The opinion of the court was delivered by: JOHN T. CURTIN
Ms. Wachter's claim was initially denied in its entirety. Administrative Law Judge ("ALJ") Margaret J. Quinn affirmed the denial in a decision issued on August 8, 1989. On June 18, 1990, the Appeals Council remanded for reconsideration in the light of Kier v. Sullivan, 888 F.2d 244 (2d Cir. 1989). On May 6, 1991, the ALJ issued a decision finding that Ms. Wachter had not been disabled within the meaning of the Act prior to August 1, 1990, but that she had been under a disability under the Act as amended by Pub. L. 101-508 (1990), since August 1, 1990, entitling her to benefits commencing January 1, 1991. The Appeals Council affirmed.
Both parties have moved for judgment on the pleadings. Ms. Wachter argues that Kier requires that she be awarded benefits back to the date of her original application, March 25, 1987, or, in the alternative, from April 28, 1989, after which she claims that there is no evidence in the record to support a determination that she was able to perform any gainful activity. The Secretary maintains that, to the contrary, her decision properly applied Kier, and was supported by substantial evidence.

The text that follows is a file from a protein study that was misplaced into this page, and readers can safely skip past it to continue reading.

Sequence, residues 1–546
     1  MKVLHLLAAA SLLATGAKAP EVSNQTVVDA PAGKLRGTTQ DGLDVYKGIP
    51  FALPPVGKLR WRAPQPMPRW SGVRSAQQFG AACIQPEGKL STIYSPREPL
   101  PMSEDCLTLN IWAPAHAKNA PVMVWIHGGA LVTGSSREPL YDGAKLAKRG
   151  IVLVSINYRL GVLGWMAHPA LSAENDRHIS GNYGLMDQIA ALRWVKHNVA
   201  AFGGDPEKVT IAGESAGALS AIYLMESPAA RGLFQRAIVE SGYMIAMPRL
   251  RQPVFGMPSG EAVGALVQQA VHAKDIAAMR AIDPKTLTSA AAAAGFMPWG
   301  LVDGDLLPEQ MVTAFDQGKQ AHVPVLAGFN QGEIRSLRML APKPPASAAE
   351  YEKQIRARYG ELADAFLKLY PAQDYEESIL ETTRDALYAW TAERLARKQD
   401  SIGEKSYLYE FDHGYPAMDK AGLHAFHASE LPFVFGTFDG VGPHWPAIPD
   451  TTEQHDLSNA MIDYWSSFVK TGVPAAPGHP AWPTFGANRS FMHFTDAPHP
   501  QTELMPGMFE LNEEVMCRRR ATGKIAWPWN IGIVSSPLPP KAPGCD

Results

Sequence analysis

There is no real dispute over the medical evidence in this case. Peggy Wachter suffers from severe congenital heart disease (corrected by surgery in 1948 and 1980), medication-controlled essential hypertension, pulmonary hypertension limiting exercise tolerance, subjective complaints of arm and hand pain treated with anti-inflammatory medications beginning in June 1990, and subjective complaints of anxiety noted by her treating physician for which she has received no treatment. A.R. 30, 33.
The ALJ found Ms. Wachter's subjective complaints to be credible, and supported by the medical record. A.R. 33.
Ms. Wachter's physician for many years has been Dr. Charles Furr, a cardiologist. In 1980, Dr. Furr performed surgery on Ms. Wachter, for correction of tetralogy of Fallot. In a report apparently written some time in 1987, he stated that she was doing well clinically, although she did have dyspnea, fatigue, cyanosis, hypertension, occasional chest pain and rare palpitations. A.R. 108. There was no congestive heart failure or arrhythmia. Id. Dr. Furr treated her with medication. A.R. 109.
Dr. Devendra Gill treated Ms. Wachter occasionally between October 1, 1985 and January 8, 1988. A.R. 105-106, 124-125. He noted a history of hypertension, but that Ms. Wachter made no specific complaints, although she was "feeling weak." A.R. 105. He prescribed medication. A.R. 106, 124.
Dr. Edward Davis treated Ms. Wachter between August 10, 1988, and October 12, 1988. A.R. 126-127. In his report of October 27, 1988, he noted blood pressure in the range 150/96 to 160/100, and shortness of breath and ankle edema in hot weather, but no chest pain or palpitations.